Criminal law

Criminal law is that type of law that relates a crime. Most of the criminal laws are established by statute, which means the laws are enacted by legislative. A crime is an act or omission of law commanding it and criminal law varies according to jurisdiction. Criminal law is different from civil law because the penalty of criminal law involves forfeiting of one’s rights and imprisonment. When any person does any such crimes and the responsible authority find this, they are punishable under this law.

CRIMINAL STATUTES:

The parts of criminal statutes are men’s rea and actus reus.

● Men’s rea is the mental state that the person who commits the crime should possess. Men’s rea is a Latin word for ‘guilty mind’. For eg; if one person commits murder, that particular person must have an intention to do that act.

●Actus reus includes the action taken by the perpetrator. Actus reus is Latin is ‘guilty act’. For e.g in a drug case, to charge the perpetrator with any case of drug dealing, he must have sold it to anyone.

TYPES OF CRIMINAL LAWS:

Criminal law is a body of law established by statute  and can be of 2 types:

  1. FELONY: These are defined by the United States and are punishable by death or imprisonment for more than one year. Felony, within common law countries, is a severe criminal offense. Some of the felony crimes include murder, manslaughter, arson, burglary, battery, tax evasion, aggravated assault, fraud, kidnapping, blackmail, forgery, treason, and other law-breaking.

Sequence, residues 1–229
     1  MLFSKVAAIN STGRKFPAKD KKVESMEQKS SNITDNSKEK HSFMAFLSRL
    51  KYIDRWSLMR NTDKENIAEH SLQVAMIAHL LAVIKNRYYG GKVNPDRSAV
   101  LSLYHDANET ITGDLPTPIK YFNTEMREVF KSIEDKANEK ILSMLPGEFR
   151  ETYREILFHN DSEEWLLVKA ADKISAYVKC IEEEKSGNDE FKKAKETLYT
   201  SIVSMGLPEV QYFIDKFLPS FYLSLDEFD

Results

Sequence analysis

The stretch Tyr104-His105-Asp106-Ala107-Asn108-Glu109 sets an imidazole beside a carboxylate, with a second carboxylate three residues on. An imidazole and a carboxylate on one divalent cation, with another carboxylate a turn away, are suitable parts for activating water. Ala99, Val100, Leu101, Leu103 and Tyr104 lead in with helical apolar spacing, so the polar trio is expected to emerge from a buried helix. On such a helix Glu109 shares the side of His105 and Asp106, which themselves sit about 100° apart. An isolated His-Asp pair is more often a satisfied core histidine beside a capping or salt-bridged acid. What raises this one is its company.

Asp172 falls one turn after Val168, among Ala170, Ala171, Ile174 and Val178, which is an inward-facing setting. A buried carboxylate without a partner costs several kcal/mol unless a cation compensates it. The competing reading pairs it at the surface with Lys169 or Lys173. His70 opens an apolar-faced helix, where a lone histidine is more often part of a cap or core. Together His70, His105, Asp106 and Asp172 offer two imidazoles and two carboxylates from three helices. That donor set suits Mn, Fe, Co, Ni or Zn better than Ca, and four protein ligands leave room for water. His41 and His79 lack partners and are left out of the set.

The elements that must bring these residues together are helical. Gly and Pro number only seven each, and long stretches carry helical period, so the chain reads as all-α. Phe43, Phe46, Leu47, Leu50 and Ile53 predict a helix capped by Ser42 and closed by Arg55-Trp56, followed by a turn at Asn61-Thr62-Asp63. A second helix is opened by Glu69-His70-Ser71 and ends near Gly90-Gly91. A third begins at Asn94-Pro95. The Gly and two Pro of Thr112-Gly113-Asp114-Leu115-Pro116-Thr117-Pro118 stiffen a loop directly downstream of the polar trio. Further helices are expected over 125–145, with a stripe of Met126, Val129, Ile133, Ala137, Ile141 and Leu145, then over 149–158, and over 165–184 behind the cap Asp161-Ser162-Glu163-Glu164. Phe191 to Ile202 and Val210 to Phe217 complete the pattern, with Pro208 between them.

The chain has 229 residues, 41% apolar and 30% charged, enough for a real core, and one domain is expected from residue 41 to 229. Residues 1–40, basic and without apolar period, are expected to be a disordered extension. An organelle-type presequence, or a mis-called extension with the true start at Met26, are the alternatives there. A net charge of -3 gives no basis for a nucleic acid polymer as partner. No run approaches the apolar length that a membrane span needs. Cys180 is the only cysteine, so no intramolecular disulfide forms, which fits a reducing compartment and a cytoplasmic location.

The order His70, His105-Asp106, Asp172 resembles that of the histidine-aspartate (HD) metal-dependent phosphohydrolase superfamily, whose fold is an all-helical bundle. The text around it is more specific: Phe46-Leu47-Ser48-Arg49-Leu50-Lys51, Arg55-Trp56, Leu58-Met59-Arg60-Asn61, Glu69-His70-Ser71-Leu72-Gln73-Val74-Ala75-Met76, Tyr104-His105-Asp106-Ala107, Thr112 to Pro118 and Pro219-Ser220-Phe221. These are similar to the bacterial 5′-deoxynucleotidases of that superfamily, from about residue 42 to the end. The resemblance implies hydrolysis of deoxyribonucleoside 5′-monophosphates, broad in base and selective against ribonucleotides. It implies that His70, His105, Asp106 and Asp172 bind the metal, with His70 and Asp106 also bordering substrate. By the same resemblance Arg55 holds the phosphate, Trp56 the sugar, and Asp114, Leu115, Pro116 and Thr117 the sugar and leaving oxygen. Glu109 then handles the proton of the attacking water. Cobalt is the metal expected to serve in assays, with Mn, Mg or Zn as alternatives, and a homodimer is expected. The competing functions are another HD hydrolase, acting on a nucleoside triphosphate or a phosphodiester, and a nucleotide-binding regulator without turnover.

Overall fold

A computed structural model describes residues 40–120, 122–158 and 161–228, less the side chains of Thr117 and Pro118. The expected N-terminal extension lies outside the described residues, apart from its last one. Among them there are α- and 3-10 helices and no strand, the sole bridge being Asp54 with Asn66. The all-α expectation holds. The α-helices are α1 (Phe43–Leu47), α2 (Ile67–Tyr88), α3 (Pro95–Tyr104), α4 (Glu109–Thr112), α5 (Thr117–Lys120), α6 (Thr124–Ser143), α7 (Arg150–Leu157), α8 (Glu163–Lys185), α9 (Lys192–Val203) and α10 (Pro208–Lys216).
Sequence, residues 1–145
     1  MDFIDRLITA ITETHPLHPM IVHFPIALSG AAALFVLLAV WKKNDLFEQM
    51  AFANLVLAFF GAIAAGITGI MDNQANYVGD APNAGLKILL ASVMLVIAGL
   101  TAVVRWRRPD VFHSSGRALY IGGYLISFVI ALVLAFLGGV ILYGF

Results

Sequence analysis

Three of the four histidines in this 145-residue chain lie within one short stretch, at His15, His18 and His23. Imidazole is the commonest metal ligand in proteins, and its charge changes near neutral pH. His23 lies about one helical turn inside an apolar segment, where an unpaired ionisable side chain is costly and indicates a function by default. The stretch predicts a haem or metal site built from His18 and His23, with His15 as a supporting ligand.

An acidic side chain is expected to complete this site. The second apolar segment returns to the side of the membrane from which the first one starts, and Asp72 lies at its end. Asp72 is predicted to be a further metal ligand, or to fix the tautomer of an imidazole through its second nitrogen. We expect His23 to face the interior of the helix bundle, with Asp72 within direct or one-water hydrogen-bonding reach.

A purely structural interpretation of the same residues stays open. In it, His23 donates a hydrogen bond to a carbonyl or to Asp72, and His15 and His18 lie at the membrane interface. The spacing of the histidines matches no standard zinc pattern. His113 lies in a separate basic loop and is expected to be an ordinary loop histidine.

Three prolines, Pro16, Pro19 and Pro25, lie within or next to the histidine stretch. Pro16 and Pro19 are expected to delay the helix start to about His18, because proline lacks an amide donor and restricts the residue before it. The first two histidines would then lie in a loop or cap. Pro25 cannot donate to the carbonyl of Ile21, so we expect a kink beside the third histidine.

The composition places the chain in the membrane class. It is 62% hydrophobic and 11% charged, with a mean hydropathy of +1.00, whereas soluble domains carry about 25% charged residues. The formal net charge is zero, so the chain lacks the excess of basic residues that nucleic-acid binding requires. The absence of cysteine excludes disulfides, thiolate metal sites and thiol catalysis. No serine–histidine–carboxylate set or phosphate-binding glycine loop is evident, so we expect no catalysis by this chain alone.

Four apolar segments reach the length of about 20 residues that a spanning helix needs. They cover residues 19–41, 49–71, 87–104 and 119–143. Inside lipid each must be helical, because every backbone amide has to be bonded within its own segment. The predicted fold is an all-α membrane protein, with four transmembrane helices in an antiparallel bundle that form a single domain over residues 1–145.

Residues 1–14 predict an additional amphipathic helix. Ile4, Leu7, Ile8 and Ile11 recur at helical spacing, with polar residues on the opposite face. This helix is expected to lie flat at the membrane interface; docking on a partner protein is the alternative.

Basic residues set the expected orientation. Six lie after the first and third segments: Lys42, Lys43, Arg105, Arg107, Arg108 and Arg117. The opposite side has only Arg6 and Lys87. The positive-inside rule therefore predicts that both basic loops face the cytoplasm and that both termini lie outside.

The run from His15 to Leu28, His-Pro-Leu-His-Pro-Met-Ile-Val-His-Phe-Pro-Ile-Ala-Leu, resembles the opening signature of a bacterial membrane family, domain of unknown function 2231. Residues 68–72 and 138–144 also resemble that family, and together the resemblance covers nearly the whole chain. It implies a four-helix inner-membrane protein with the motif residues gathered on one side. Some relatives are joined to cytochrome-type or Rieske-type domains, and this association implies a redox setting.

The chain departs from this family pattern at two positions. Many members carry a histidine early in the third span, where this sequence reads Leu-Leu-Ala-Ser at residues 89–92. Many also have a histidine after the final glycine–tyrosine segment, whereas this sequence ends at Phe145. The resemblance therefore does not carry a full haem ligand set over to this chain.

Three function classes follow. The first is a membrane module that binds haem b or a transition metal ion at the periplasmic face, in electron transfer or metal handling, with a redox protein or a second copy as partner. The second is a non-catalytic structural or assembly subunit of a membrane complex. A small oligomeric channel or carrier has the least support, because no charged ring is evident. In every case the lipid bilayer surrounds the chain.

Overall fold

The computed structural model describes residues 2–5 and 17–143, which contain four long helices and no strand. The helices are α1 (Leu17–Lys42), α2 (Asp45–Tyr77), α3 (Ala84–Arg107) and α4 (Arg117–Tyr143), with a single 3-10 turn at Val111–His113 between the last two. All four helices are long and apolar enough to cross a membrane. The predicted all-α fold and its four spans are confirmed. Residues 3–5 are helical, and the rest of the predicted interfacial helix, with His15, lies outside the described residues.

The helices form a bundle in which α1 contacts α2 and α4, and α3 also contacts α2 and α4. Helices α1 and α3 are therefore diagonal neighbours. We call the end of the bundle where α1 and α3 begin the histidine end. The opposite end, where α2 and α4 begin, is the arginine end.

2. MISDEMEANOR: Misdemeanour offenses are considered as a less serious crime punishable less than a felony. They include reckless driving, public intoxication, petty case, simple assault, trespassing, and more. The criminal offenses that are punishable under the  law are the following:
  3. Personal crimes: These are those crimes that personally create harm to others. Example: murder
  4. Property crime: These are those crimes involving the interference of another one’s property.
  5. Inchoate crimes: These those crimes which are never completed or assisting to a crime.
  6. Statutory crimes: These are the crimes prescribed by the statue law. Generally, these crimes include criminal acts relating to alcohol, drugs, traffic, and others.
  7. Financial crimes: These crimes are also known as “white colour” crimes. As the name indicates they are related to money and some of the financial crimes are, embezzlement, fraud, blackmail, tax evasion, and other crimes.